Cabinet door length - Woodworking Talk - Woodworkers Forum
 
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post #1 of 9 Old 09-05-2008, 07:43 AM Thread Starter
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Cabinet door length

I have a built-in maple armoir coming up on the schedule and the customer wants three long doors on the front of it to conceal everything behind it. The left and right side will be top and bottom hanging sections, and the center section will be some drawers and shelves. (your basic California Closets set-up)

My working height is 96" with a 4.5" toe kick/base at the bottom, 4" crown at the top. My thought is that 87" is much to tall for a standard 3/4" solid framed overlay door (two panel), and that it will not remain straight and true. They don't like the idea of splitting the doors (dutch) So my only other thought is to go with a true 4/4 thick frame...?

Any thoughts? Suggestions.

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post #2 of 9 Old 09-05-2008, 10:12 AM
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You have a few choices. If it's a R&S type door, 4/4 may help. I would cut all the stiles from the same lumber in sequence, so the pair on a door come out of a side by side.

Or, you could make the panel from the same specie of 3/4" hardwood plywood and edge band the perimeter with solid wood to profile for the panel. That way, you'll have no end grain to deal with, mitered corners and you can glue in the panel making for a rigid door.






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post #3 of 9 Old 09-05-2008, 10:23 AM
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I think 4x4 is too thick for the doors. Push latches will keep the doors flat...not the magnetic kind...the ones with the hook catch that push and release. Pictures would help alot. Rick

Never... I mean always... never mind Rick
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post #4 of 9 Old 09-05-2008, 12:57 PM
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If you could design in some clearance between the drawer faces and the inside of the door, there are a couple of ideas you might try. The first idea that comes to mind is some narrow shelves for toiletries, some belt or tie racks etc. The stiles (vertical members) could be screwed to the inside of the doors and act as strongbacks.

Ed
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post #5 of 9 Old 09-05-2008, 04:13 PM Thread Starter
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I appreciate the suggestions, you guys gave me some good ideas.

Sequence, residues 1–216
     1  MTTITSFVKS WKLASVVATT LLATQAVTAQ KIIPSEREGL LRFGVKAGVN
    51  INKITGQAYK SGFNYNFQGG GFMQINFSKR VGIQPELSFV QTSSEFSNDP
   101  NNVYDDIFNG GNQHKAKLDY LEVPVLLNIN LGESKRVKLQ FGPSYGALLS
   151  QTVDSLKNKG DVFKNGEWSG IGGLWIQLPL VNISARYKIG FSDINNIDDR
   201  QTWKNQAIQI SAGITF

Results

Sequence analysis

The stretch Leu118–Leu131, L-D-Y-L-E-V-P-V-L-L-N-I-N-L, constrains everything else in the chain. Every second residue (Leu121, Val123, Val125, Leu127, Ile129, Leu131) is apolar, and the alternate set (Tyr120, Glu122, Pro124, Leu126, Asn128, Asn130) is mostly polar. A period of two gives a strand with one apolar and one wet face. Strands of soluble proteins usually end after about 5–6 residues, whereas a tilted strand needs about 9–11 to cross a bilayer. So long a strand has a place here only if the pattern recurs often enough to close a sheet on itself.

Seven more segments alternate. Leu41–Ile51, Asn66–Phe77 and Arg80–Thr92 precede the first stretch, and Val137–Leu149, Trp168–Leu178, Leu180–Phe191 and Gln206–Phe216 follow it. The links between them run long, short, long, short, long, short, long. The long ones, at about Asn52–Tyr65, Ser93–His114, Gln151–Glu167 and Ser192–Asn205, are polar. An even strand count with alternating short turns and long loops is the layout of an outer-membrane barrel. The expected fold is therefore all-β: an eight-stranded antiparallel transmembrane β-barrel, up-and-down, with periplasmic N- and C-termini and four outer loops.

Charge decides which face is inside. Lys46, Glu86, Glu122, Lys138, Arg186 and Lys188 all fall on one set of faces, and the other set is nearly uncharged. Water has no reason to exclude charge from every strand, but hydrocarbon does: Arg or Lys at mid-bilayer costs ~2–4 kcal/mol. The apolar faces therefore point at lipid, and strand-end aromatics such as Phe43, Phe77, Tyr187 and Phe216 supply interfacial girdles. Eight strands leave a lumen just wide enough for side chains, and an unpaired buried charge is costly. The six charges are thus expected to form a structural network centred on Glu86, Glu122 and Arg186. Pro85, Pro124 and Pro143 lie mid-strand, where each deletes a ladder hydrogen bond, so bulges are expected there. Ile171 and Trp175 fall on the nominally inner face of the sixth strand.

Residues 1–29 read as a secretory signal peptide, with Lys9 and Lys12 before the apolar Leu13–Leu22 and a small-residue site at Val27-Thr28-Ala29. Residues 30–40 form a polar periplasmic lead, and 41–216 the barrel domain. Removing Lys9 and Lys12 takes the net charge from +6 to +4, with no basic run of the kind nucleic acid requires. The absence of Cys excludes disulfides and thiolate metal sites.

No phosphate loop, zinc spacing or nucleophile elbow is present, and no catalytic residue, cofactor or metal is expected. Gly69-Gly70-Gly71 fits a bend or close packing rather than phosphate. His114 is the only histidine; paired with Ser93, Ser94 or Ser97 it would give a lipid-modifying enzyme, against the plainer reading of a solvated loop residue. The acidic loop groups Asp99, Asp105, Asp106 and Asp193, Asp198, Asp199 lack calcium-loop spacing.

edp, yes there is inside clearance for additional support if needed. The unit is 24" deep and the middle section with drawers and shelves will only be 16" out from the back wall, so that he can hang a robe and a belt rack or something behind the middle door.

I was helping a friend in a new kitchen today (cherry) and noticed there were two 62" long doors side by side, I had asked him about the length of the doors and he told me the company that supplied the cabinets made it clear in their contract that those two long doors do not carry the same warranty as the rest of the cabinets. When I eyed the hinged side of the door I could see a slight bow in the frame with the apex in the center as expected. Even though the center adjustable hinge sucked it in a bit, I'd rather not be re-straightening any kind of panel before the cabinet has even been used.

Thanks again, I'll let you know what I figure out.

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post #6 of 9 Old 09-05-2008, 09:07 PM
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JD: make your doors with more and smaller panels. IE instead of 2 panels use 3 panels thane you can use a third rail to stiffen the doors. :} if u want email me for contact info and we can talk about it if u want :}:} we iz close enuf
Jack
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post #7 of 9 Old 09-06-2008, 05:59 AM Thread Starter
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Thanks Jack, Funny thing is two other companies bid on the job and both said the long doors wouldn't be a problem. The difference between me and them? They have sales people working on commision to come out and do the estimate. My experience is that most of these sales people wouldn't know the difference between a table saw and a band saw and will tell them anything to get the job.

I hate getting call backs and would rather avoid a problem down the road, so I'm meeting again with them soon and will try and discuss other options. I know the doors can be made properly, it's just a matter of a little researching with as little experimenting as possible.

Intellectuals solve problems, geniuses prevent them.
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post #8 of 9 Old 09-07-2008, 08:27 PM
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JD: OK let me know what happens, worst case contact me and I will give ya my contact where I buy mine. No guarantees but what the heck questions are never wrong, unless they are ROFLOL
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post #9 of 9 Old 09-12-2008, 10:30 AM
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I would only do that job with inset doors so the stiles and rails could be 5/4 finish thickness minimum. The maple boards should be wide enough so that the edges will be rift cut for the stiles.

The door pulls should be locking pulls, or at a very minimum, adjustable ball or bullet catches - presuming not one jacket or overcoat hits the door when it's closed.

3/4 stiles and rails are for delicate cabinets in my opinion.

Cheers,
Jim
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